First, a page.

If a Verifier will not submit either Nack or Ack it should be slashed. In order to accommodate that we could imagine a protocol that would reveal the true verifiers after the block has been finalized. Several such schemes could be imagined where the Verifier will have to calculate its participation from some key that must be revealed in another context. Since all ACKS and NACKS are included in the masterchain block it is available publicly. The Broadcast protection receipt can include a validator signature that would reveal the key from which the Verifier has been calculated.
Now Masterchain validators will need to wait for a thread block signed by 51% of that thread consensus and broadcast proof from at least one of Broadcast Protectors. If no NACK has been received for a certain period of time (which in reality is the broadcast proof creation time), the block header will be included into the Masterchain. If at least 1 NACK message has been received, the Masterchain will issue a special verification procedure.
Specification (detailed technical description) of the proposed architecture, research regarding feasibility of 3rd party open source solutions which will be integrated in Rust nodes. It should consider time delays on every operation performed, the block finality, the traffic requirements etc. must be described, discussed and simulated when possible. Potential attacks on the protocol must be described and discussed.
Described in the Program System Specification Requirements
Submission period: 3 weeks 10/01/2022 - 31/01/2022
Voting (assessing) period: 10 days 01/02/2022 - 10/02/2022
1st place………… 90.000 TON
2nd place………… 70.000 TON
3rd place………… 40.000 TON
Overall prize pool: 200.000 TON
The minimum score to receive a reward is 4. Reject counted as zero.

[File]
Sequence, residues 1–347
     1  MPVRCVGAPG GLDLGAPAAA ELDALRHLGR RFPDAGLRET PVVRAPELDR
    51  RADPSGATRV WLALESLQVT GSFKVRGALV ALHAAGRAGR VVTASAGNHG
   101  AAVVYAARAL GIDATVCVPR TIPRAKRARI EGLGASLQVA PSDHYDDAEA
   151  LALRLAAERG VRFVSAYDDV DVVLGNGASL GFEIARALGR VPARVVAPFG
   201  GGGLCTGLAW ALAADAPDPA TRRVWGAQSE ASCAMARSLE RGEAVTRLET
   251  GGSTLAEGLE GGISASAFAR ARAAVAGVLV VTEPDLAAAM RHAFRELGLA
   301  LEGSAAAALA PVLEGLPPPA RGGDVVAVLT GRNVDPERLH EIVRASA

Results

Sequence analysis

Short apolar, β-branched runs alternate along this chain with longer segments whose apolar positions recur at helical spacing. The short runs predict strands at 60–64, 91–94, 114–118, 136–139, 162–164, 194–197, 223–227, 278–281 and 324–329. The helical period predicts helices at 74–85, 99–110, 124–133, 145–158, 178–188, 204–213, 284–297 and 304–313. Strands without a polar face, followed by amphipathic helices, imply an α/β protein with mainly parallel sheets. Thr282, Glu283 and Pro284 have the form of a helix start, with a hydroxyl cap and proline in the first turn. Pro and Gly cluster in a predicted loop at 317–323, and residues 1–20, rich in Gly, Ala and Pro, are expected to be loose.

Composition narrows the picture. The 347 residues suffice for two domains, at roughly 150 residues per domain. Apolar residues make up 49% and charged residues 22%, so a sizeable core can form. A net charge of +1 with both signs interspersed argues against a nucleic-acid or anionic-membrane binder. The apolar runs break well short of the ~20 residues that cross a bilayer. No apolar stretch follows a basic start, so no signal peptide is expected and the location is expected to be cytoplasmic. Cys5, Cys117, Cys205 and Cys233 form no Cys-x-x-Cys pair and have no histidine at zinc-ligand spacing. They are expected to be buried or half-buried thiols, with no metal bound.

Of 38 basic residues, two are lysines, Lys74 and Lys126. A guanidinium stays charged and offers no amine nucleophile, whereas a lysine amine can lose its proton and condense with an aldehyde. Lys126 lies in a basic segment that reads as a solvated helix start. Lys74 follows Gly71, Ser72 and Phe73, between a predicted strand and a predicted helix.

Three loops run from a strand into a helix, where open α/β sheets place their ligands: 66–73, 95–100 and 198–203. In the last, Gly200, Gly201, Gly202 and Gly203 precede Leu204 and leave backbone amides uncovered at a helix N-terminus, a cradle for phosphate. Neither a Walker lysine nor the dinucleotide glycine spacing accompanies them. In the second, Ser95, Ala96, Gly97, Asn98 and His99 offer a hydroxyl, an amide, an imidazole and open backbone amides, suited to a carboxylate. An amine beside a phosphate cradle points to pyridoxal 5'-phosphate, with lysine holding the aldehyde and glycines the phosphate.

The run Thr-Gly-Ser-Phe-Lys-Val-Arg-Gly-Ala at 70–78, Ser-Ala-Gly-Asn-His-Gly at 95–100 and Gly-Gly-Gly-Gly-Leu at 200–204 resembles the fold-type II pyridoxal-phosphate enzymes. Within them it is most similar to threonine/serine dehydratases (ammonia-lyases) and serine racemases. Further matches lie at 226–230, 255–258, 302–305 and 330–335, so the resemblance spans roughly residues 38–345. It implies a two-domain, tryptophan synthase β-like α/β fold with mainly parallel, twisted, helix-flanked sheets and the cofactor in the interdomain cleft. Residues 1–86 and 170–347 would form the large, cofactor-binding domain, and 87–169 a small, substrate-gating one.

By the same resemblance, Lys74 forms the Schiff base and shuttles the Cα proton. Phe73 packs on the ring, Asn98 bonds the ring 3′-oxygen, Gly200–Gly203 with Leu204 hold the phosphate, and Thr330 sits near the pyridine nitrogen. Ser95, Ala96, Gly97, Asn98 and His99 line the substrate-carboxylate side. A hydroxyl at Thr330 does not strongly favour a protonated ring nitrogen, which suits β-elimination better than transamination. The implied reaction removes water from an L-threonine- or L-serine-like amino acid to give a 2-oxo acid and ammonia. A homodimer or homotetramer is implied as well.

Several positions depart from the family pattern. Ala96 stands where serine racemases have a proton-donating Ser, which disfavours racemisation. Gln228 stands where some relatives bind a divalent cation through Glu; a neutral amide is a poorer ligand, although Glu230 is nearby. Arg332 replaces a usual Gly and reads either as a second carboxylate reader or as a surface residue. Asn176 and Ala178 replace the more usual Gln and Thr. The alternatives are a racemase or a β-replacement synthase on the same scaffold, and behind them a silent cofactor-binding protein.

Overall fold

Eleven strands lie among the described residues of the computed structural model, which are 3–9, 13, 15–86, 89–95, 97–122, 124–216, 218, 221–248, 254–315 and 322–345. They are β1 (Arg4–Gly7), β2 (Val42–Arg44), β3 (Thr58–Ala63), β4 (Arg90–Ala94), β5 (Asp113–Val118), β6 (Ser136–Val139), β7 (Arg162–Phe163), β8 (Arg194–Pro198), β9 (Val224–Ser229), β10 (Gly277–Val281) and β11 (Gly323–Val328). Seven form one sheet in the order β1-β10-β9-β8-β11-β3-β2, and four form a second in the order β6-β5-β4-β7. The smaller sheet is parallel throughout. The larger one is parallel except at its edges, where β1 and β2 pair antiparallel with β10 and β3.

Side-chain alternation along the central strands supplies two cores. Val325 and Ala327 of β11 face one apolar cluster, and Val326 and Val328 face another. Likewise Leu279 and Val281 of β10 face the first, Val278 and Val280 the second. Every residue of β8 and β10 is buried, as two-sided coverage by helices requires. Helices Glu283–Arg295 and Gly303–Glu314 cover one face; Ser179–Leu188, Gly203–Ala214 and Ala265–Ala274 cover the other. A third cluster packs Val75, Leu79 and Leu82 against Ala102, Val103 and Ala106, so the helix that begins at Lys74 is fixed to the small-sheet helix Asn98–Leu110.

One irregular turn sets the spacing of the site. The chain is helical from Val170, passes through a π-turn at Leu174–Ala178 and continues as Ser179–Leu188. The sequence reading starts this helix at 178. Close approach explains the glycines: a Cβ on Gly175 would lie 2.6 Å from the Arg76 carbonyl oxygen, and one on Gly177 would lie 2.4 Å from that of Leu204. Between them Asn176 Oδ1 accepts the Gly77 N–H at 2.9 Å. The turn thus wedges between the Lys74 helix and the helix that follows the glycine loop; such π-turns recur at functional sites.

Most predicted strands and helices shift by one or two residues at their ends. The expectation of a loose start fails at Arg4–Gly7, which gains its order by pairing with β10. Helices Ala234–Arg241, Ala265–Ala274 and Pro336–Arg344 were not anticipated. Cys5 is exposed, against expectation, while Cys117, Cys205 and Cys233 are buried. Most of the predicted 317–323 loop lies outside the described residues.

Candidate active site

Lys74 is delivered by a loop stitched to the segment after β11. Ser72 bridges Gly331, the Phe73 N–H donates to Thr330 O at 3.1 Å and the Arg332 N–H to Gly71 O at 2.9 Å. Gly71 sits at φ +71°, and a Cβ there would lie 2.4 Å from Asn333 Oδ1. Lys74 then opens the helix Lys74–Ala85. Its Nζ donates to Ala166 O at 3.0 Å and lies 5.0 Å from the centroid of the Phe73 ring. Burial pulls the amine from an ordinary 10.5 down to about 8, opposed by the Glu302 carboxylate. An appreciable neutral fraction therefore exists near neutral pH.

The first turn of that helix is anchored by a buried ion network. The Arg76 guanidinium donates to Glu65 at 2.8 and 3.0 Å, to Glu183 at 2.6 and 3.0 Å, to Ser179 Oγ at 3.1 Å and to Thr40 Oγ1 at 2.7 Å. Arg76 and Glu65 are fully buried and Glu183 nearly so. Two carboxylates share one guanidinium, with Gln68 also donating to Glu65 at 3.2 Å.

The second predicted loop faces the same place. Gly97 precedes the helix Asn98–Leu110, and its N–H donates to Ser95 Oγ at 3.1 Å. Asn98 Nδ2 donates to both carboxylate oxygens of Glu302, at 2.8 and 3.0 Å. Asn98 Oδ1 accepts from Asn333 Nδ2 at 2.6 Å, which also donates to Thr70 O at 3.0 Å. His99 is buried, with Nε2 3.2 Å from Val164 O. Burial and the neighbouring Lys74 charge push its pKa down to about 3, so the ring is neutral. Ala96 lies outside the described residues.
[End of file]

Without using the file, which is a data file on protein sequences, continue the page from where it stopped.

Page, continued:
Note: If the number of winning submissions is less than the number of rewards available, any remaining rewards are not subject to distribution and are considered void.
The part of the reward in the amount of 20.000 TON is granted in full after the judging is completed. The remaining amount is distributed within 6 months in equal parts on a monthly basis.
The jury for the contest will consist of the invited specialists with expertise in the domain.
Each jury member will receive 10.000 TON
This sum will be awarded on the following basis:
- Detailed feedback is mandatory to collect any rewards.
- Voting for all submissions is mandatory to collect rewards.
- The votes of the jury members who did not receive the rewards for the reasons listed above will not be counted.
- Jury rewards are distributed in full upon the end of voting regardless of the long-term outcome.
- Jury members are expected to communicate with participants and answer questions about the criteria for the assessment.
- The juror must have a solid understanding of the described technology to provide a score and feedback. If not, the juror should choose to ‘Abstain’.
- Jurors or whose team(s) intend to participate in this contest by providing submissions lose their right to vote in this contest.
- Each juror will vote by rating each submission on a scale of 1 to 10 or can choose to reject it if it does not meet requirements or vote ‘Abstain’ if they feel unqualified to judge.
- Jurors must provide feedback on submissions or lose their reward.
- The Jury will reject duplicate, sub-par, incomplete, or inappropriate submissions.
At the beginning of the voting period, an AMA session will be appointed for participants, jurors, and everyone else. At this session, each contestant team has to present their work.
The preferable presentation language is English. The presentation time should not exceed 10-15 minutes.
If a contestant cannot present the work online, they should make a video recording and publish it on YouTube but any questions that arise should be answered.
An amount equal to 5% of the prize fund will be equally distributed amongst community members who participated in the organization of the contest:
The same percentage of the monthly reward will be received by the person(s) responsible for its distribution (vesting distribution overhead).